Source : Channel NewsAsia – 6 Jan 2010

Sentosa IR hotels open on Jan 20

RESORTS World Sentosa (RWS) announced yesterday that it will throw open its doors on Jan 20, but those who want to visit the Universal Studios Singapore Theme Park or roll the dice at its casino will have to wait a little longer.

Announcing the highly anticipated opening date yesterday, RWS said that when Jan 20 rolls around, four of its six hotels and 10 restaurants and lounges will begin operations.

The four hotels are the Festive Hotel, Hard Rock Hotel Singapore, Crockfords Tower and Hotel Michael. The restaurants and lounges include modern patisserie Boulangerie on the second level of Festive Hotel and Indian restaurant Rang Mahal on the second level of the Hard Rock Hotel.

The IR’s theme park, FestiveWalk – a 500-metre stretch featuring retail outlets, restaurants helmed by celebrity chefs and clubs – and theatre are slated to open within the next two months, RWS spokesman Robin Goh said yesterday.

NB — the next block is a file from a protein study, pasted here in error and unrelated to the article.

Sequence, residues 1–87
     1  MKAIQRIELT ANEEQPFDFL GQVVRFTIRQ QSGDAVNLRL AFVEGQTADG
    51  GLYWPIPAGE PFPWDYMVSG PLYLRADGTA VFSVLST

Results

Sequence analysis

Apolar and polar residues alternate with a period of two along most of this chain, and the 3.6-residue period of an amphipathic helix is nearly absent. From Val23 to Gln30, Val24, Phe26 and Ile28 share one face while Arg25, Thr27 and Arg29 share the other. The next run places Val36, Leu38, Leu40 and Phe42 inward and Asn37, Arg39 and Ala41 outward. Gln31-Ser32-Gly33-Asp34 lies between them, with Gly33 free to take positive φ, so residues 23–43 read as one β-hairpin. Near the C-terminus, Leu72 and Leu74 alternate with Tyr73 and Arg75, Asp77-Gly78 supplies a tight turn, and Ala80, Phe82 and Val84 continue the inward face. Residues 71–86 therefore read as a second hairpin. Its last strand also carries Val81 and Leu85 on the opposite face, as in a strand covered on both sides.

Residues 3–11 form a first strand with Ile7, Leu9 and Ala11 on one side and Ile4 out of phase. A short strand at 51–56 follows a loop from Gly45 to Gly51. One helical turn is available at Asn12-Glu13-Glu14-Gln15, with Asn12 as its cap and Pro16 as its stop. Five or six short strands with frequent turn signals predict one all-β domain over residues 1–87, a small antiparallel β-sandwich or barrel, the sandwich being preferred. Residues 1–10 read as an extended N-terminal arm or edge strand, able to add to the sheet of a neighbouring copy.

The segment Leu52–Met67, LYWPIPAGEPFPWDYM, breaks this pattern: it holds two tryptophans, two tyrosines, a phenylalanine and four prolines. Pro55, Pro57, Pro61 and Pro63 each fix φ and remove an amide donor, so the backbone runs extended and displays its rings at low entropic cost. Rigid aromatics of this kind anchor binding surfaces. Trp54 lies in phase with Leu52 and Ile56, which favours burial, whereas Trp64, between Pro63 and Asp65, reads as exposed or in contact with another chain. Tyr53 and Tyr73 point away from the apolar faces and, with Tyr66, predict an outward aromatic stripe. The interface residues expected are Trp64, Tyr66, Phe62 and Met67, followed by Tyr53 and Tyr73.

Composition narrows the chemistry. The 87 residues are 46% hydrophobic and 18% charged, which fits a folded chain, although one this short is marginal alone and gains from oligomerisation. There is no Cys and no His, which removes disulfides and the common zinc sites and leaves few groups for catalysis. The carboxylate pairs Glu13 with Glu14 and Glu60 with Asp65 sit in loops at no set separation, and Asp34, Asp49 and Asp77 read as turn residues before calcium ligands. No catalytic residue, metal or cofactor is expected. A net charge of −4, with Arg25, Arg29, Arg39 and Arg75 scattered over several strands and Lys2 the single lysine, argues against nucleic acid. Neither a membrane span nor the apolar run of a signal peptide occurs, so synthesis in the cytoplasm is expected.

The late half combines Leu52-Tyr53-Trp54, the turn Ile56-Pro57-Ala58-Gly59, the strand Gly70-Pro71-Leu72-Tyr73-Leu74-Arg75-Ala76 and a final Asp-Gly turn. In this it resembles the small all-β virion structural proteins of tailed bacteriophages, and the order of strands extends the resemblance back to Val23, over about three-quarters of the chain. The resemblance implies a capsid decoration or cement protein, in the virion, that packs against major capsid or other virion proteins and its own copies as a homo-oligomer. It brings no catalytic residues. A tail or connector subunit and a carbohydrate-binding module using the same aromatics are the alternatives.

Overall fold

He said the testing of rides has already begun, and added that the theatre is ready for use – it staged its first event, the ChildAid charity concert, late last month.

No firm date was given for when the casino will open, but it is likely to be in the first quarter of the year, according to Mr Goh, who said an application has already been made to Singapore authorities.

The other attractions at the $6.59 billion, 49ha resort, including an oceanarium touted as the world’s largest, a marine museum and the two other hotels, will open much later: Construction is expected to begin only early this year.

The announcement has puzzled some analysts, who wonder why the IR is opening its hotels before most of its attractions are ready.

Mr Colin Tan, director of research and consultancy at real estate consultancy Chesterton Suntec International, called RWS’ move strange. ‘It is unlikely that visitors would make a trip to Sentosa to stay in a half-complete resort,’ he said.